Is your reading filled with ‘warmth and light?’ John Newton was self-educated and loved to read both the Bible and other books. Reinke writes, “He was drawn to letters by their heartwarming potential. He admits to having more interest in reading personal letters over books, which often have the opposite effect.”

Newton writes,

I get more warmth and light sometimes by a letter from a plain person who loves the Lord Jesus, though perhaps a servant maid, than from some whole volumes put forth by learned doctors. I speak this not out of disrespect either to doctors or learning; but there is a coldness creeping into the churchues, of which I would warn my friends as earnestly as of a fire that was breaking out next door.”

Reinke assesses these comments with the reflection – “Newton felt the winds of a dangerous gospel winter, and he was concerned that…

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An Open Letter to the Abortive Mother

Originally posted on chantrynotes:

babyTo the Abortive Mother:

I’m sure that you, like everyone else in America, recognizes that we may well be in the midst of a sea change on the issue of abortion. A few years ago, when Kermit Gosnell (a rather typical inner city abortionist) was tried and sentenced, the true nature of the abortion industry began to leak out. Now, due to the stunning revelations of the Center for Medical Progress, the truth is front and center. In spite of the desire of the media to shield you and the rest of us from the truth, in spite of two entertaining primary races, and in spite of a dust-up at congress within the President’s party, there is still a great deal of light shining on the behind-the-scenes activities of Planned Parenthood. Both sides are quick to sing the party line, but I’ve been wondering how to talk to you.

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Helpful Apologetic Books for the Eradication of Trolls

Originally posted on hipandthigh:

trollI was thinking recently about compiling a list of some good, basic books I could recommend to Christians in order to help them shore up their apologetic defense and proclamation of the faith.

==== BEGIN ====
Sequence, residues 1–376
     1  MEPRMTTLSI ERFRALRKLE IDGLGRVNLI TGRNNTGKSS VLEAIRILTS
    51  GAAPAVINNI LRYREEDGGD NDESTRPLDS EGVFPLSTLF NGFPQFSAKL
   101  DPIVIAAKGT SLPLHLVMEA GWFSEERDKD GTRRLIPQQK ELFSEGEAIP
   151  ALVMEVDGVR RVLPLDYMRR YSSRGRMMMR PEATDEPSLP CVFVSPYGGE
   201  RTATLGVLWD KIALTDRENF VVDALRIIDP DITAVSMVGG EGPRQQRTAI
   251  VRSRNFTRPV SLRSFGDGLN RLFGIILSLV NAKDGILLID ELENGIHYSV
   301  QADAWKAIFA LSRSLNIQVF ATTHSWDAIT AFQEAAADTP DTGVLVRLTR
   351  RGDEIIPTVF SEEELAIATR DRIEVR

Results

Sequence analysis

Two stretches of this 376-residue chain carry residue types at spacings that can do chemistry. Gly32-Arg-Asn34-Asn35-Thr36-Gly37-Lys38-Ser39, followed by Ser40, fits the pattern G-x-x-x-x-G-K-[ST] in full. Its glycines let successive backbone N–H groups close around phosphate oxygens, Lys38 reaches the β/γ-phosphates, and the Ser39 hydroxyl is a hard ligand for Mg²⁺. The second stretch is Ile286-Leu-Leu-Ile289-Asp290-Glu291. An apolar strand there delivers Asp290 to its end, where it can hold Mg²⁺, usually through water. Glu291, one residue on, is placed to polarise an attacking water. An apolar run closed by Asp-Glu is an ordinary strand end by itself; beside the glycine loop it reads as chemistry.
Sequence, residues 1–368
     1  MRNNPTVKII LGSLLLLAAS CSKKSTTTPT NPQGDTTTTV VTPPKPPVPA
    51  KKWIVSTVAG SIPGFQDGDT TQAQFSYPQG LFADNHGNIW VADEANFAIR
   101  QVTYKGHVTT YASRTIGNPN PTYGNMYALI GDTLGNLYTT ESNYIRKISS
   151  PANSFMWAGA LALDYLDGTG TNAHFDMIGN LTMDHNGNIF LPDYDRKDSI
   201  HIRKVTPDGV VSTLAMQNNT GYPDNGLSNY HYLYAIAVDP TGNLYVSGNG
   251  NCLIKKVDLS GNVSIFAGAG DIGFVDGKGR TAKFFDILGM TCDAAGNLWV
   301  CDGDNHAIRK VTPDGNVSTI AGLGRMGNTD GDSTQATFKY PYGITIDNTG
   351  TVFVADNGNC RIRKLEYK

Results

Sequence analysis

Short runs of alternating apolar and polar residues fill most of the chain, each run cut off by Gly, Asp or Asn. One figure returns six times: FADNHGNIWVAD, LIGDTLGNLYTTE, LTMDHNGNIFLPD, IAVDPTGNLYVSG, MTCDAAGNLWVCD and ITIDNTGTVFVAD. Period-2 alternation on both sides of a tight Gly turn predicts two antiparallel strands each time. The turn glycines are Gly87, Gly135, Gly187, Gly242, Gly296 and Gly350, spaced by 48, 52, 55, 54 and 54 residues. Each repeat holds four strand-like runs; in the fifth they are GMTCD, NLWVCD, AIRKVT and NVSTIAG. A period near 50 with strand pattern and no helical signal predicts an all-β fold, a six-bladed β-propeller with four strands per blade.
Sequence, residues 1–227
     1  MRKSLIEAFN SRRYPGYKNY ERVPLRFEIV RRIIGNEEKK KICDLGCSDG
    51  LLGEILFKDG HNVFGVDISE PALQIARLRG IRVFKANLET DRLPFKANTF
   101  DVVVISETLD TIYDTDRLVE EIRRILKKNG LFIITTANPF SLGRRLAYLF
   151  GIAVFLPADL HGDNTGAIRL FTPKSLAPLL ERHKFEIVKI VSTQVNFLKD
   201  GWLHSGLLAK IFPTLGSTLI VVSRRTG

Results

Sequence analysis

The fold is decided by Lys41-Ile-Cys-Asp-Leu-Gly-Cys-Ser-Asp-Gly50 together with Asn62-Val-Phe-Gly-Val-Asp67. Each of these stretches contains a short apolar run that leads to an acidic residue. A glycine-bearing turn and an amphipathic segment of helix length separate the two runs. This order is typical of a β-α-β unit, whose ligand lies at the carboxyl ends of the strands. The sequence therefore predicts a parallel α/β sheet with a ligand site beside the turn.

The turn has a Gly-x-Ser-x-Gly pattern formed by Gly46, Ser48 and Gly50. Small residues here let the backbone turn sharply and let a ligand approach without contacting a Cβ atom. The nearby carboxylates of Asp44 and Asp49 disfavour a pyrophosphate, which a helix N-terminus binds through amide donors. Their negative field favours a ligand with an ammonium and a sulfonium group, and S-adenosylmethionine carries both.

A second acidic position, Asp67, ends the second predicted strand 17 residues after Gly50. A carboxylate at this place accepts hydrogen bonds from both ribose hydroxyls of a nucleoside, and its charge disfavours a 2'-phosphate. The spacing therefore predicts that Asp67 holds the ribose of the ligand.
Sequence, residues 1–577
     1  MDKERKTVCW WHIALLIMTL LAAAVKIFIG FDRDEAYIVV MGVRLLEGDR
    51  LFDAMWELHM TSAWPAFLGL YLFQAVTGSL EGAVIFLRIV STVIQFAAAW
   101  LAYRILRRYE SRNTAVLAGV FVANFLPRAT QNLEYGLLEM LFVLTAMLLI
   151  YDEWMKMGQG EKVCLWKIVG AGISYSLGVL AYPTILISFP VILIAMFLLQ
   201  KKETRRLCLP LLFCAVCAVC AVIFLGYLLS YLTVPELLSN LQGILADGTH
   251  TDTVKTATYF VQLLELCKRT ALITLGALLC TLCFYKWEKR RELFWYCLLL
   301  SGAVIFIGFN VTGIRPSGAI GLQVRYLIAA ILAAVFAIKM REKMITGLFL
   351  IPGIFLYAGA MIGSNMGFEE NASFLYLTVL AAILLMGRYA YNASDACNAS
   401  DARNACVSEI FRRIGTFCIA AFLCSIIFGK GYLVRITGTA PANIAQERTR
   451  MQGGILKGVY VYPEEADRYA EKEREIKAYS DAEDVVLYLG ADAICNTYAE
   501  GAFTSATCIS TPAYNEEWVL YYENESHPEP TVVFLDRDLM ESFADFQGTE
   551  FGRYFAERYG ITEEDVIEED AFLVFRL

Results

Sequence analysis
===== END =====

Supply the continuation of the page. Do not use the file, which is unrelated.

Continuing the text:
The idea came to me after witnessing another troll attack on Facebook. The troll left some stupidly ignorant comments under an acquaintance’s post concerning a point of theology. Regrettably, no one following in the comments offered any serious rebuttal. I don’t believe the person who posted the original item under discussion even tried offering a response. That started me pondering: Is that because the people don’t want to or that they just lack the ability?

Now I recognize that Christians engaging in any meaningful discussion in the comment threads on social media with a strident, chest-beating “know-it-all” skeptic can be a rather ridiculous waste of time. Honestly, the better course of action is to just silently move on without any…

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Missing The Point

Originally posted on Live Life! God's way:

I love Bible knowledge quizzes, Bible trivia, Bible games but I fear that Bible knowledge ‘misses the point.’ Knowing the facts about the Bible, being able to win ‘sword drills’ in record time, having a comprehensive knowledge of the Scripture in and of itself does not produce spiritual change. Winning Bible knowledge contests is no guarantee you understand the truth of God’s word.

In Reinke’s “John Newton on the Christian LIfe,” he gives somes helpful direction. Again, I urge you to pick up this book, or at least dig into some of Newton’s writings (sermons, meditations and hymns) which are free and online.

“Newton explains how four elements inform our approach to the Bible–sincerity, diligence, humility and prayer.

1) Sincerity – Newton writes, “I mean a real desire to be instructed by the Scripture, and to submit both our sentiments and our practices to be controlled and directed by what…

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Playing with Matches?

Originally posted on Schreiberspace:

ezgif.com-resizeCommon sense tells us not to play with matches. Most of us develop a healthy respect for fire at a young age. You only need to be burned once to learn not to get too close to an open flame. As the old saying goes, if you play with fire, you are going to get burned (cf. Proverbs 6:27).

Needlessly exposing yourself to the occasion of sin (i.e. that circumstance, place, or person which is likely to tempt you to commit sin) is a lot like playing with matches or pouring gasoline on a fire.  Nothing good will come of it. Thomas Brooks offers some words of wisdom regarding such things:

“He that adventures upon the occasions of sin is as he that would quench the fire with oil, which is fuel to maintain it, and increase it.” (Precious Remedies Against Satan’s Devices, p.68)

So if you are struggling with a particular…